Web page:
Recently, at the end of a coaching session, I asked a client, “can you think of any actions to take during the week in relation to this?”. The moment I asked this question, I realized that it was the wrong question to ask. Why is that? Because, during the session the client had reached such a great awareness in relation to the topic discussed that the thought of taking further action within such a short period just seemed out of place. Action is not only about doing but also about being. Raising our awareness on something is like taking action… in our heads. And it is an action that also takes time to be completed and settle. As coaches we should be aware of these internal processes and allow our clients to take their time and prepare themselves for a next step.


The role of tools

Assessments, questionnaires, visualization exercises are some of the tools that coaches have in their handbags. Having a variety of tools to choose from, creates a feeling of security to the coach. Tools can enrich a coaching session and support a client in their discovery journey.  However, tools should be used with caution. A coach needs to travel light. Coaches should not be attached to their tools because tools do not replace the coaching presence and the coaching competencies. Coming to a coaching session with the intent to use some specific tools means coming to a session with an agenda. And coaches need to always leave their agendas behind. Thus, the use of tools should be integrated in a coaching session in a creative way and only if it really serves the client and the client offers permission.


The role of personal development

The most important learning, for me probably, is how much the personal development of coaches influences their coaching performance. This is linked to a number of reasons and coaching factors and is further explored in my previous post “Psychological Dimensions of Coaching”. It is a realization that serves my commitment to my continuous improvement as a person and strengthens it.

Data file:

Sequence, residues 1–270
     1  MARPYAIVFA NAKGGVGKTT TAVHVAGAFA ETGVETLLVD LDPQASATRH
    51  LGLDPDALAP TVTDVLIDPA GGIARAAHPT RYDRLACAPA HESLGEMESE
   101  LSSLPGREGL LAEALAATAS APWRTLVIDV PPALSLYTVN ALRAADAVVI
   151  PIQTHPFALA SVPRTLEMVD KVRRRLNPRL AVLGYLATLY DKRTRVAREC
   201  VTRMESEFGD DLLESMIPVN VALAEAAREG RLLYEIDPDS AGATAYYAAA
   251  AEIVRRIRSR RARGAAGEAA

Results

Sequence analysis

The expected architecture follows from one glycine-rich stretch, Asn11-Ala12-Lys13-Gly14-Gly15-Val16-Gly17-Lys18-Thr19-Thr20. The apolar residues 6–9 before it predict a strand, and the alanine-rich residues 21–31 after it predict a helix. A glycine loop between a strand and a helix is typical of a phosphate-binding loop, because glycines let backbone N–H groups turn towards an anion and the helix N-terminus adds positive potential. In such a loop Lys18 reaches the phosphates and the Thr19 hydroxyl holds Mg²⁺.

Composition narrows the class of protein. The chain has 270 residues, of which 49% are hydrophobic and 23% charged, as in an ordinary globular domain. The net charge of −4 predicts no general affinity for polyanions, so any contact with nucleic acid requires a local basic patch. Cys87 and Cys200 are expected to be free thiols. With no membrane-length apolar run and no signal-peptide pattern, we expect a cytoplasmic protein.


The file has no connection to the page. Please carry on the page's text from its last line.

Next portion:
Self evaluation after sessions

If we are committed to our continuous improvement as coaches, we need to spend some time on reflection after each coaching session. “What did you learn from the session?” “What would you do differently next time?” These are questions that can help us evaluating ourselves and our performance as coaches after a session. Coaching is a never ending journey and there is always room for improvement. Self evaluation after sessions is a way to consciously pursue improvement and accelerate it. Checking often with the client what works and what doesn’t and asking for feedback after each session can also support our self evaluation as coaches.


What I learned as a client

As a client of who, you might wonder. The answer is, as a client of some great coaches. An important step in the professional development of every coach is to be a client himself/ herself. It is an amazing experience that can benefit the coach both as a person and as a professional.  In this post I would like to share what I learnt from being myself a client in coaching sessions.

Coaching is a fantastic learning experience

We all learn differently and there are different ways of learning. Reading a book for example is a way of learning. Attending a lecture is another way of learning. Which ways of learning do you enjoy the most? How do you learn best? Some ways of learning are more passive while other ways of learning are more active. According to my experience, active ways of learning work better.

Imagine attending a lecture where someone talks for an hour. Of course you will have learned some stuff after the lecture. You will have kept notes that you can take with you and review anytime. Imagine being a lecturer yourself. You have done your research on a topic and you have created a great presentation. In which of the two situations have you learned more?